UC Libraries is steadily building a diverse archive of digital content with critically received collections covering Neil Armstrong’s life and UC career, the fabled Cincinnati Subway project, the remarkable Albert B. Sabin, unique recorded Elliston poetry readings as far back as 1954, Cincinnati medical oral histories and much more.
The strength of the Archives and Rare Books Library in Cincinnati history and genealogy is now reflected in our online archives, which include the Cincinnati Birth and Death Records (1865-1912), the Cincinnati House of Refuge (1850-1902) and the recently added Hamilton County Morgue Records (1887-1930). Please visit the Digital Collections site and re-visit often!
The Neil A. Armstrong Commemorative Archive contains images, documents and texts, primarily from the University Archives, relating to the teaching career of Neil Armstrong at the University of Cincinnati (1971-1979) following his retirement from NASA. Also included are selected significant artifacts and documents from Armstrong’s life beyond the University of Cincinnati.
The Cincinnati Subway and Street Improvements collection photo-documents the ill-fated attempt by the city’s Rapid Transit Commission to construct a subway through Cincinnati. The collection also provides a glimpse at interior views of homes and businesses damaged during the construction, and follows the growth of the city through various street improvement projects that took place between the 1920s and 1950s.
Dr. Albert B. Sabin, developer of the oral poliovirus vaccine, spent the majority of his career at the University of Cincinnati, College of Medicine and the Children’s Hospital Research Foundation. His vaccine helped to virtually eliminate polio around the world. The Albert B. Sabin Archives contain correspondence and photographs from the Henry R. Winkler Center, Hauck Center for the Albert B. Sabin Archives. You can approach the collection from a map showing Dr. Sabin’s international correspondence, with links that connect to the letters written to and from each location.
The Elliston Project holds over 700 recorded readings and lectures given under the auspices of the University of Cincinnati’s Department of English and Comparative Literature and UC Libraries since 1951. Material includes readings and lectures on poetry by those who have served as George Elliston Poet in Residence, among whom are Robert Frost, Denise Levertov, Louise Glück, Thom Gunn and C.D. Wright.
The Henry R. Winkler Center has been recording oral histories with physicians, nurses and other medical professionals for nearly 40 years. These important video recordings offer a glimpse into the history of health professions in Cincinnati and recount important medical discoveries that took place here.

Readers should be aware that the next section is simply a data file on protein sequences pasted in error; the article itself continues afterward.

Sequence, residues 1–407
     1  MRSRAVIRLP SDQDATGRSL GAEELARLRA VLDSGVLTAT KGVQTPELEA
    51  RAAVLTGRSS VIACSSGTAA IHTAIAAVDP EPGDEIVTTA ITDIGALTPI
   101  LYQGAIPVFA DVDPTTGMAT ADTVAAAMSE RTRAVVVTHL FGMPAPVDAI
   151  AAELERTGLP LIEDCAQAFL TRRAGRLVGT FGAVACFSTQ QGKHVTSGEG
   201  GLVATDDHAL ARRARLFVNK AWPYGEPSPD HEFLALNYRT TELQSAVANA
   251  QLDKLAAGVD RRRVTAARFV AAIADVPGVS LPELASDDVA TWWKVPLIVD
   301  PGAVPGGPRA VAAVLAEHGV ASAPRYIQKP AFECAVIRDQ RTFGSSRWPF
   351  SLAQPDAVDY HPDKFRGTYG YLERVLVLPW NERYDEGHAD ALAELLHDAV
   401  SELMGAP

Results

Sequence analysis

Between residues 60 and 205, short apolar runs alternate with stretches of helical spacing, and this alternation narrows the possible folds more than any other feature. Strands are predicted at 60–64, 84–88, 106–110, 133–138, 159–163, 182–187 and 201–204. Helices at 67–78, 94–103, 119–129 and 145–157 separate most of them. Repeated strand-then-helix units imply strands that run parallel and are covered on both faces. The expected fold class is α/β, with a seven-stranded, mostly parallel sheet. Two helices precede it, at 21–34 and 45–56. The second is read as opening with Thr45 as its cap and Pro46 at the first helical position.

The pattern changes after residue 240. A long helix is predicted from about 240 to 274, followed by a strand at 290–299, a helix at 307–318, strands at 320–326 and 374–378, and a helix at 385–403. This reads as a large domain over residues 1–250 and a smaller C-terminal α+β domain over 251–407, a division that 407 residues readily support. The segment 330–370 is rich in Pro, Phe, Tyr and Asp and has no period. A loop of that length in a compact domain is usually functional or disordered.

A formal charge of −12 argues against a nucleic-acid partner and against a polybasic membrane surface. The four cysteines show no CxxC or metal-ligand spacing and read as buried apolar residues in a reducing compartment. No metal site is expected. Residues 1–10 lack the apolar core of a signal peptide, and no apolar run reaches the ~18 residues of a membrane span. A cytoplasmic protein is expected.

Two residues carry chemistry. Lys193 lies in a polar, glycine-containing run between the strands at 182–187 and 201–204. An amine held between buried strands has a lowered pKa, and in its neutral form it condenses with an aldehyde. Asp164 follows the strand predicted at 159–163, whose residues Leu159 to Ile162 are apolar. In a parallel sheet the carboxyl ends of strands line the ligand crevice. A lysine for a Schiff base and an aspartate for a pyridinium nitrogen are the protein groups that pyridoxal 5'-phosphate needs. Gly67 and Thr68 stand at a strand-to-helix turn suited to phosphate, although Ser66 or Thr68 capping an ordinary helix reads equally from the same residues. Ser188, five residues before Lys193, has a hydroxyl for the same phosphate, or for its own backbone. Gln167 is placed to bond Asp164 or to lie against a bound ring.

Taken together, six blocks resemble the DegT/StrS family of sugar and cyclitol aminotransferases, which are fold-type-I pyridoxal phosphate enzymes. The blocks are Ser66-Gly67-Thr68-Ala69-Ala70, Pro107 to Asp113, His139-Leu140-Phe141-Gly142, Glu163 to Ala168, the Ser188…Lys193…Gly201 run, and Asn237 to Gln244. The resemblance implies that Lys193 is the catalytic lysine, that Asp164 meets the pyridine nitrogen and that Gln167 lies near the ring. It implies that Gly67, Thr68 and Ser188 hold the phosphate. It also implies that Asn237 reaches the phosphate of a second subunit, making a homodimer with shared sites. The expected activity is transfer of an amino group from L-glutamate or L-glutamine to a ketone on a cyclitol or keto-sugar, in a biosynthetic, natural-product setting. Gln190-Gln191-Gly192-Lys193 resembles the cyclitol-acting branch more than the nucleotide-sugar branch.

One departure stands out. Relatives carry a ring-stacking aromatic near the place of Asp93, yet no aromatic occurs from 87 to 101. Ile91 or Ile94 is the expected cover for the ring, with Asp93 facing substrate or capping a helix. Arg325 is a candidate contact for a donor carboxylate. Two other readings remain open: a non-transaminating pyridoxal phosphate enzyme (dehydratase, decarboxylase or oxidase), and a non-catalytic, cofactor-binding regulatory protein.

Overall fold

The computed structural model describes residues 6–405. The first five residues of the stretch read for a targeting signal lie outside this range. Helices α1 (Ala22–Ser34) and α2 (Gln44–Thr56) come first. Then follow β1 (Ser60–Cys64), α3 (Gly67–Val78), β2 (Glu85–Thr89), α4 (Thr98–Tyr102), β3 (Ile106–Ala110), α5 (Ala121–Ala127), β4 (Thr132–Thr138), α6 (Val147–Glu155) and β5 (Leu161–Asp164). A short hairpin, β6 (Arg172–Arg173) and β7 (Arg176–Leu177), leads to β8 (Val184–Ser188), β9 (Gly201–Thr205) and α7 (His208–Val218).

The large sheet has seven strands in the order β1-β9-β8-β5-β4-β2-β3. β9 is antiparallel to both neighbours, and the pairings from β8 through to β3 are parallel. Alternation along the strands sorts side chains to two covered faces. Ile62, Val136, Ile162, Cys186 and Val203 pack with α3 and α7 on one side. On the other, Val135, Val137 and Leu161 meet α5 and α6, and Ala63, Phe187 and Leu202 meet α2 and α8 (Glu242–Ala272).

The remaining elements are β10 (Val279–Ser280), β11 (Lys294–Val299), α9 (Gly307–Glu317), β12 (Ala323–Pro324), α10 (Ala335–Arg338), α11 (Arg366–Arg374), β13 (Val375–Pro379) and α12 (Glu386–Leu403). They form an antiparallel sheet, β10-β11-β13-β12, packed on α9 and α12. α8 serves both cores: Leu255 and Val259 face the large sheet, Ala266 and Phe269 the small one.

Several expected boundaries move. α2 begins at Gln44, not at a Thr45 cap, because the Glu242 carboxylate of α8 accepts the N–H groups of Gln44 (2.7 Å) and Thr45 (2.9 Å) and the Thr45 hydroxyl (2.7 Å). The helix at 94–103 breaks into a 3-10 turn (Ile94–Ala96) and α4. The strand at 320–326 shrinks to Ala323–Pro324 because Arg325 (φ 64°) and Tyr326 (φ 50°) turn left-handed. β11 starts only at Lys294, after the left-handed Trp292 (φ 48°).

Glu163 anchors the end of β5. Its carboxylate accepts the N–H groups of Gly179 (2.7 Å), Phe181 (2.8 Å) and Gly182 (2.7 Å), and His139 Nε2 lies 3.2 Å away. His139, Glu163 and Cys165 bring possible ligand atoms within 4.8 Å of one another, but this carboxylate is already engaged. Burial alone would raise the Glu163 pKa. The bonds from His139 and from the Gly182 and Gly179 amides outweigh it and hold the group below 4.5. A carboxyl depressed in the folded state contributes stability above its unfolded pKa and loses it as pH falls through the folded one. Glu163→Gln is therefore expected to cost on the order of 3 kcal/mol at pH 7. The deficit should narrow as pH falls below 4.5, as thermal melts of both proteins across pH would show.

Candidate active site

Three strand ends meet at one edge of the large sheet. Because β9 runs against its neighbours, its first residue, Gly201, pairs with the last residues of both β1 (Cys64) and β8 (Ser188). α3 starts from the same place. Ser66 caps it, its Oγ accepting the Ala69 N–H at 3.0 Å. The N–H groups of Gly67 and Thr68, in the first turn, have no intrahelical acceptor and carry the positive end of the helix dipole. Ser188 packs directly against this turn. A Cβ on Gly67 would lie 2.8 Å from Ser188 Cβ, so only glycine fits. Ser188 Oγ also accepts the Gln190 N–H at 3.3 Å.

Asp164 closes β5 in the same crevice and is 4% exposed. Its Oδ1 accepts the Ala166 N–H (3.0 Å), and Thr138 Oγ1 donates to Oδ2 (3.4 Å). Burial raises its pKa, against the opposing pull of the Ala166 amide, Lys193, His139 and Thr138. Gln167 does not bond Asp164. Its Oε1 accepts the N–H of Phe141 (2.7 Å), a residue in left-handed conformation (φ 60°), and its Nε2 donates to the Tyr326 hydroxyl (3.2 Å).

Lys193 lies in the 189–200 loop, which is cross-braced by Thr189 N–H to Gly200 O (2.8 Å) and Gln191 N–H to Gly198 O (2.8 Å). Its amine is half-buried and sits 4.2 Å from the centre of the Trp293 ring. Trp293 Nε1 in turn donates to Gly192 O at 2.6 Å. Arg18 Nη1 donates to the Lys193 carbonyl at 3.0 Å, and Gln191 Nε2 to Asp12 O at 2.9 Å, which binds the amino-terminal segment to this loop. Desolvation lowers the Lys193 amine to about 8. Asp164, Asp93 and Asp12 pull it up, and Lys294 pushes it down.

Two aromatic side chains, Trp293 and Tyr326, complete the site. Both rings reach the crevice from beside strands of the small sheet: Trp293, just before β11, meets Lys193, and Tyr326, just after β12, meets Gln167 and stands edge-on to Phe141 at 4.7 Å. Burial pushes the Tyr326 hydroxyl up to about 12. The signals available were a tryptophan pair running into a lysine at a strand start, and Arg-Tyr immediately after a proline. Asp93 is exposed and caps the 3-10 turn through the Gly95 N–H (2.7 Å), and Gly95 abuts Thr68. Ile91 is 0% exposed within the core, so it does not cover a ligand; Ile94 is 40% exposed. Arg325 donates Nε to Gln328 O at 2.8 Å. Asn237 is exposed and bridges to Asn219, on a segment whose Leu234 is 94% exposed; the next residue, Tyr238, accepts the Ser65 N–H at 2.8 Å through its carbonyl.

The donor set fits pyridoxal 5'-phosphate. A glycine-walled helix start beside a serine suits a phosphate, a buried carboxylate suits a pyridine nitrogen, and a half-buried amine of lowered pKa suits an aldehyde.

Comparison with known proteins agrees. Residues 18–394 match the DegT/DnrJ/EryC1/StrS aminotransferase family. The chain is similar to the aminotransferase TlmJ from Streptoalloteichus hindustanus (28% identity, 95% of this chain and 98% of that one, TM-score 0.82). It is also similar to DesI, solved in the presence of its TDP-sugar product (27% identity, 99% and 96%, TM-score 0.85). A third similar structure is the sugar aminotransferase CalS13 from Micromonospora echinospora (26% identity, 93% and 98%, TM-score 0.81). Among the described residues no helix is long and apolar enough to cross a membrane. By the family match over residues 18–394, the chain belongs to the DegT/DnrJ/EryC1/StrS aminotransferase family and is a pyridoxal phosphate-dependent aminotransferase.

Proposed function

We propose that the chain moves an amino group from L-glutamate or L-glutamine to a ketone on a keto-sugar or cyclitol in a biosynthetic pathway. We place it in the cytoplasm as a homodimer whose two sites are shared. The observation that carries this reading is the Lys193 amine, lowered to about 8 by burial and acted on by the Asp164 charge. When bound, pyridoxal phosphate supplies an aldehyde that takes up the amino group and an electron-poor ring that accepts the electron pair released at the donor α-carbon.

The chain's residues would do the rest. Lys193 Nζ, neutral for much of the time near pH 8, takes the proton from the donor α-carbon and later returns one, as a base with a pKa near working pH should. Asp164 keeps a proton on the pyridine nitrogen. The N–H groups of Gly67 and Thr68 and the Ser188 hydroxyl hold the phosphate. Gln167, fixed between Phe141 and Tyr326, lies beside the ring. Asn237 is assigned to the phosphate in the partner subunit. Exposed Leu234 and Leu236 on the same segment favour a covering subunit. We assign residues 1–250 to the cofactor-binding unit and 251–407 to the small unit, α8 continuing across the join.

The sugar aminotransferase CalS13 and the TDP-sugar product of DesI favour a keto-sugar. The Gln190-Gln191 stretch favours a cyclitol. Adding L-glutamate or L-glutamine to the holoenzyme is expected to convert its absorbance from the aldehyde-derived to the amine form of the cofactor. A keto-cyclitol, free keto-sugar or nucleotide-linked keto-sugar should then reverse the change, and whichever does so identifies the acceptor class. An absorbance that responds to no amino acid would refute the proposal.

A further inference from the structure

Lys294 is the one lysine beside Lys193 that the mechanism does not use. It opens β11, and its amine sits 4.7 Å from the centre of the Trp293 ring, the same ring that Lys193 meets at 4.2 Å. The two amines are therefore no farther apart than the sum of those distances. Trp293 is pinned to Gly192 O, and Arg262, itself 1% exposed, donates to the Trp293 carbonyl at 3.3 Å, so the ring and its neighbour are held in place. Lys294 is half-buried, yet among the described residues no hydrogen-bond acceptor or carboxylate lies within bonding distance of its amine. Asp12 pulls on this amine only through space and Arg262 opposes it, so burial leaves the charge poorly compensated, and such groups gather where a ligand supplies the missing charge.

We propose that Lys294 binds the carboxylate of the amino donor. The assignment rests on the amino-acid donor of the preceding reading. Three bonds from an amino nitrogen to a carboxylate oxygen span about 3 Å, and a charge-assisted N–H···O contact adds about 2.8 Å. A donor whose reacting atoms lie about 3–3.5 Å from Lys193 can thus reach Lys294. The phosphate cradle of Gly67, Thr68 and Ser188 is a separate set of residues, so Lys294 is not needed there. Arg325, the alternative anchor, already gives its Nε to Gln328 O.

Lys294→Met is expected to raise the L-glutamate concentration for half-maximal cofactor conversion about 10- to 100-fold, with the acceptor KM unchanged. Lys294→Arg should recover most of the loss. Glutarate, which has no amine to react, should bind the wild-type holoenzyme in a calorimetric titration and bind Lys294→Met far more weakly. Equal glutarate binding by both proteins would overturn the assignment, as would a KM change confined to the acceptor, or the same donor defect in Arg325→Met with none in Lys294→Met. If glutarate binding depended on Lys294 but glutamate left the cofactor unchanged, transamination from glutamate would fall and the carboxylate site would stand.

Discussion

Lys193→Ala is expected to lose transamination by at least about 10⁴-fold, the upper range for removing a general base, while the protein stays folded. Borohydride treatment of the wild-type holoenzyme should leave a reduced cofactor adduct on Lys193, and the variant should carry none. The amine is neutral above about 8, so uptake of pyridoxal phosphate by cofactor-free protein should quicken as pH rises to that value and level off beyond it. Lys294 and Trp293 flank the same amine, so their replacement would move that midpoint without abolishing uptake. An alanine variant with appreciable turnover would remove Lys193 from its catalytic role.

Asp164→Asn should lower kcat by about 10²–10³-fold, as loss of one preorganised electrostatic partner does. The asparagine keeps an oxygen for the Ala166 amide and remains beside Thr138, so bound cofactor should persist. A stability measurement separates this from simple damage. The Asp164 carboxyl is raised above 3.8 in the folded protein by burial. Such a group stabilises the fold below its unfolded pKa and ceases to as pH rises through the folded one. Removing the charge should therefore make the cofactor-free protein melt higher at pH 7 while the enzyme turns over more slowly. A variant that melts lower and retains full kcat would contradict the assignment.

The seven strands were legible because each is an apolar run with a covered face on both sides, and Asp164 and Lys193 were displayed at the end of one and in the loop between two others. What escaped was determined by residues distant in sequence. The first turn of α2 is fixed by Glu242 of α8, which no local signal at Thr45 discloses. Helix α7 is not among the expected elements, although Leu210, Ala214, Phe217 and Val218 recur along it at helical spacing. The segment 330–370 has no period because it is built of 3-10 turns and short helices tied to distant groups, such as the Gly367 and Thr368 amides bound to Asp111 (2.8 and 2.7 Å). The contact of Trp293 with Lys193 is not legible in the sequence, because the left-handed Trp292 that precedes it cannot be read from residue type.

The Cincinnati Birth and Death Records (1865-1912) consists of over 500,000 records, originally owned by the City of Cincinnati, now housed in the Archives and Rare Books Library. The records, consisting of index cards, were created by the Cincinnati Health Department several decades ago and are considered the official and legal records of births and deaths for this time period. The cards contain the official records of births and deaths for Cincinnati citizens from the beginning dates as noted through 1908, with additional records through 1912.
The Cincinnati House of Refuge was founded in 1850 as a shelter for juvenile delinquents. Its main purpose was to remove the children from their “corrupting environment” and teach them the “habits of industry & obedience to the law.” The records of the Cincinnati House of Refuge consist of five volumes and includes the Record of Commitments, an index, financial records and payroll records. The Record of Commitments includes the names of individuals committed to the House of Refuge, their “Parentage” (often either nationality, ethnicity or race), a description of their offenses or the reason for admittance, information on their parents and their age.
The Hamilton County Morgue Records (1887-1930), acquired by the Archives & Rare Books Library in 1973, document the deceased individuals of Hamilton County. Details in the morgue records include the date, time and location the body was found, personal information on the deceased, probable cause of death and removal of the body, and sometimes effects found on the body. These records aid in revealing trends in economic depressions, workplace conditions, locations of accidents, transient patterns, crime patterns and infant survival rates.
We hope you are inspired to explore and use these online collections. We encourage feedback at firstname.lastname@example.org.
Linda Newman, Head, Digital Collections and Repositories and Nathan Tallman, Digital Content Strategist, Digital Collections and Repositories